Kristaps Porzingis grew up a Kobe fan. Still is one.


When you hear player comparisons for Knicks rookie, the most common is Dirk Nowitzki — a European big with ridiculous shooting range and potential to embarrass anyone.

So did he grow up idolizing Dirk? Not so much.

Rather, like many of his generation, he grew up idolizing Kobe Bryant, he told Mike Francesa of WFAN.

“My favorite player growing up was Kobe. The Lakers were my team and I still love him.”

There is an entire generation of NBA players — and just fans — who would say the same thing.

In the interview, Porzingis laments his missed shots and turnovers, he thinks he can be a lot better. That is exactly what you want out of a rookie. It’s a huge adjustment playing at the NBA level, the speed of the game and IQ is a leap from Europe (or college). Recognizing the challenge is part of it.

There’s a lot to like in Porzingis. He could be special (we don’t know yet, we see only the potential). But idolizing Kobe — and if you understand the work he put in, the passion for the game — can be a good start.

(Hat tip NBA reddit)

Warriors’ interim coach Luke Walton’s car stolen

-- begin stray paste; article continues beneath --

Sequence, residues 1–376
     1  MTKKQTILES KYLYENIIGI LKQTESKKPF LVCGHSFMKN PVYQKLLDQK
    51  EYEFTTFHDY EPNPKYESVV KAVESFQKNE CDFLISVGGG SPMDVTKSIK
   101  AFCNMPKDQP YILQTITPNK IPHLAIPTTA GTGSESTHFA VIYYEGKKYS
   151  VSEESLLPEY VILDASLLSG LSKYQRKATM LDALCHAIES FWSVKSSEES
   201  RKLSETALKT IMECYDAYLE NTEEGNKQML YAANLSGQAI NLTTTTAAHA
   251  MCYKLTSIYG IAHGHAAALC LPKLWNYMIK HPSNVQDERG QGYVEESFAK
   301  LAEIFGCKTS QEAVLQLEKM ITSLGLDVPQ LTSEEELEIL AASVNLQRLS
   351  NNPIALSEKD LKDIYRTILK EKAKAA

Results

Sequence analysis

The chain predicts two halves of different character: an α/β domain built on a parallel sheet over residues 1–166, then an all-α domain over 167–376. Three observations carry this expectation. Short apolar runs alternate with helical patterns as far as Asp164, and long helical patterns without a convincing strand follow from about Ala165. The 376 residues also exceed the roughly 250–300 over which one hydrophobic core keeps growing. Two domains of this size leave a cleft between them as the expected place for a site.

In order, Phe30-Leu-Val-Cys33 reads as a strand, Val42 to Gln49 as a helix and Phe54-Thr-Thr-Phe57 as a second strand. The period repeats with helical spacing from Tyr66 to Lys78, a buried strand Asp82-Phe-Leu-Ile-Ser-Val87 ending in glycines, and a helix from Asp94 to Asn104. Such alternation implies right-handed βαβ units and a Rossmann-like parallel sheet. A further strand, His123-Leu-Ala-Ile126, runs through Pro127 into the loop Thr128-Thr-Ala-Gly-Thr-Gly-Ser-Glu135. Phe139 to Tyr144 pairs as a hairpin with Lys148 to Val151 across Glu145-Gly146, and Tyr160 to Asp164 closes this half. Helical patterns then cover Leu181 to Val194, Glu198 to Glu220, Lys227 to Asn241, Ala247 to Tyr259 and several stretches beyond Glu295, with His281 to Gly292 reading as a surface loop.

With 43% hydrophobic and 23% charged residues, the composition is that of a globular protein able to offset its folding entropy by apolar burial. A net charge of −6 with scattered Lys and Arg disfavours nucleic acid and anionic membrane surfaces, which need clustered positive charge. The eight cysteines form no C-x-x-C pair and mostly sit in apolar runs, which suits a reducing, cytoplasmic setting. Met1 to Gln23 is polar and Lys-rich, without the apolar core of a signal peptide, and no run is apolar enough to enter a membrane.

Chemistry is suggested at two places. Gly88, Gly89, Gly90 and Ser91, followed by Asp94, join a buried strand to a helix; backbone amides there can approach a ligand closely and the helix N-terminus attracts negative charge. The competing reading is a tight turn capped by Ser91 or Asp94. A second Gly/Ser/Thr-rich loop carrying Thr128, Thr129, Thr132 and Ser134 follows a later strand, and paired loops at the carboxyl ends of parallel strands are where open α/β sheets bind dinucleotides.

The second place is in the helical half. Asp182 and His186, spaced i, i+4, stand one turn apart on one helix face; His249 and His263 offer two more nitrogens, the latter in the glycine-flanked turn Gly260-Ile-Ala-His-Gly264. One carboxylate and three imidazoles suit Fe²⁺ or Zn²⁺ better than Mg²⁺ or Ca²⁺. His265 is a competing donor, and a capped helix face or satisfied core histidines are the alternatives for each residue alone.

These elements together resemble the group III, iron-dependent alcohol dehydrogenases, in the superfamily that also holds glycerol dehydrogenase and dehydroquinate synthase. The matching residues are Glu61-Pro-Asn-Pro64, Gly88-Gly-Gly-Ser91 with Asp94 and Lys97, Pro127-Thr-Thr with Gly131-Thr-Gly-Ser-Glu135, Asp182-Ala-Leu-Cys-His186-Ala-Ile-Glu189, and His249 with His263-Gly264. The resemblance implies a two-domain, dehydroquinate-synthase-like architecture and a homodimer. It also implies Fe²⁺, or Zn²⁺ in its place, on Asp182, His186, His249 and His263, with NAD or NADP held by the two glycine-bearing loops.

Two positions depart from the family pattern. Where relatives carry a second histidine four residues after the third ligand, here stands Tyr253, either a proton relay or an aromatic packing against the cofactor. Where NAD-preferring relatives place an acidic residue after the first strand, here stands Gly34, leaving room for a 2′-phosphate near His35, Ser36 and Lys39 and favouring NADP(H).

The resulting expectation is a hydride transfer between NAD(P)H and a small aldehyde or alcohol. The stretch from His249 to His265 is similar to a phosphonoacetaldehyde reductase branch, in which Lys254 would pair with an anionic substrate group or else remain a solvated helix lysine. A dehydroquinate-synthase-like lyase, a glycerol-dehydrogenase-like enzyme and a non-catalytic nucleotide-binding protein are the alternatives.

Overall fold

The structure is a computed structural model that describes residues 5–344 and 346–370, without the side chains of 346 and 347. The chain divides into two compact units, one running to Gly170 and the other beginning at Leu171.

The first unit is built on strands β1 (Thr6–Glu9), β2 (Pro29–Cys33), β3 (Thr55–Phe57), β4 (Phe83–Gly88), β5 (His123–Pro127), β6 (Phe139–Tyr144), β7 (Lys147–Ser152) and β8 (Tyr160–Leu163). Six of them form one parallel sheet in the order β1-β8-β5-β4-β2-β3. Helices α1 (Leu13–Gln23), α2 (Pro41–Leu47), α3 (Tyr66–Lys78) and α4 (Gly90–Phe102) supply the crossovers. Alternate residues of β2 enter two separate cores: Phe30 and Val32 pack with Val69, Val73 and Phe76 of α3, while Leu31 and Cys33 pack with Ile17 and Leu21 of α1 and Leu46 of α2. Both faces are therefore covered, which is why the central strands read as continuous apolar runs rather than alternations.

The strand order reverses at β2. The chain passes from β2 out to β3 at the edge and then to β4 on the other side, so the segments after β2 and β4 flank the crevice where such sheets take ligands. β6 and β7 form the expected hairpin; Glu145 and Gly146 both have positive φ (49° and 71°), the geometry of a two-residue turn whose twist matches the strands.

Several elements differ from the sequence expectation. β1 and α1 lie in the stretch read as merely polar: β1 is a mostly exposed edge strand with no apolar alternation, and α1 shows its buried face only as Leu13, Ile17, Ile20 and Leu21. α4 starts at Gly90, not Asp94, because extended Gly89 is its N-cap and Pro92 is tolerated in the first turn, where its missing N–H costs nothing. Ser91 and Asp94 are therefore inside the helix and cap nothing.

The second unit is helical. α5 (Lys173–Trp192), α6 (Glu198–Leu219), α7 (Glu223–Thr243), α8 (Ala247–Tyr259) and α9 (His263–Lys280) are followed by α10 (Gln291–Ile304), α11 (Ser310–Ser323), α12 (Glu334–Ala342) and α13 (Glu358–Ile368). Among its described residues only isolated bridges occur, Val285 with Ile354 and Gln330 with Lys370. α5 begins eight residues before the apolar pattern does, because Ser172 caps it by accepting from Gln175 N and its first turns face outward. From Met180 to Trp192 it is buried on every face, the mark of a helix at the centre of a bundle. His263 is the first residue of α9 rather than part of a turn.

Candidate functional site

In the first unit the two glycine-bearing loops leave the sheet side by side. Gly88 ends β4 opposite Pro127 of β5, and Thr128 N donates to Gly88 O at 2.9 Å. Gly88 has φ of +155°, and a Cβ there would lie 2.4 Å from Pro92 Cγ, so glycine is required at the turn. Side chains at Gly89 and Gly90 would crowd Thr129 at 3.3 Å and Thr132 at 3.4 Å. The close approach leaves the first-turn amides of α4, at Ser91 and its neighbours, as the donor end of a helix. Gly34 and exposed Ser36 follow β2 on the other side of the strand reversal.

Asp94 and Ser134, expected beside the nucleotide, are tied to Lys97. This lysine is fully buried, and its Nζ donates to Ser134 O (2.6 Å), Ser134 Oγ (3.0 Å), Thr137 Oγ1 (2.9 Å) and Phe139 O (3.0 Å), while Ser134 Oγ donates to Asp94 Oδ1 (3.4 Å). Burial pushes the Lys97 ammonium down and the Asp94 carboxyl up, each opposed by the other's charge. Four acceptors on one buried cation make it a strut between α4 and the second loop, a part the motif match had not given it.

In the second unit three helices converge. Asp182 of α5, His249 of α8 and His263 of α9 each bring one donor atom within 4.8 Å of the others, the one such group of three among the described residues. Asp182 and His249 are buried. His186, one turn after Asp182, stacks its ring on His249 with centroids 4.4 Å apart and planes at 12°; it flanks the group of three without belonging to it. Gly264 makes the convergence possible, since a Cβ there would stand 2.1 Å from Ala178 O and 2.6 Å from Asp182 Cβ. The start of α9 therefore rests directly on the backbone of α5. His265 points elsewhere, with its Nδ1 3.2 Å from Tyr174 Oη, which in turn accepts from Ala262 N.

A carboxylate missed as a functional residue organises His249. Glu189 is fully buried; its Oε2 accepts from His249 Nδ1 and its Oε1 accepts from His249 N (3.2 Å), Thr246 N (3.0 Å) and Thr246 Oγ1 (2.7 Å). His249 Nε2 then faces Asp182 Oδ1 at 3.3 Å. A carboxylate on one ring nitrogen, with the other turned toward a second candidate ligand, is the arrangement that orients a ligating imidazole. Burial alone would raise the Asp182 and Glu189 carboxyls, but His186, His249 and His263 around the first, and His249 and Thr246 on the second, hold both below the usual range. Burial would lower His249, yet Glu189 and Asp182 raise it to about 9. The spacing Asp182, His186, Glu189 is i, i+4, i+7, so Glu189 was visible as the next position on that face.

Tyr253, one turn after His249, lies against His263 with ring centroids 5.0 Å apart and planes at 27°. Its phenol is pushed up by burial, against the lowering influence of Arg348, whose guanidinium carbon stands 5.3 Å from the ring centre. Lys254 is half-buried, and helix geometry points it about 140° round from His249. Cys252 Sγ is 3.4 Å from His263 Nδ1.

Luke Walton
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If you’re looking for a “when are things going to go wrong for the Warriors” moment, we have one for you. But it may not be what you had hoped for.

Warriors’ interim head coach Luke Walton — the guy on the sidelines for the 15 (soon to be 16) game winning streak — had his car stolen during a crime spree, reports NBCBayArea.com.

One of the cars stolen during an Oakland Hills crime spree belongs to Golden State Warriors coach Luke Walton, Alameda County District Attorney Nancy O’Malley said late Monday.

Walton’s Mercedes Benz was stolen Tuesday by two suspects, who police believe are also responsible for a violent attack on a 75-year-old woman outside her home on Thursday. The suspects also took the woman’s car during the attack, according to police.

Yikes. That’s serious.

I’m sure Steve Kerr has like 14 cars, he can loan one to Walton.

Pacers guard George Hill returns Tuesday against Wizards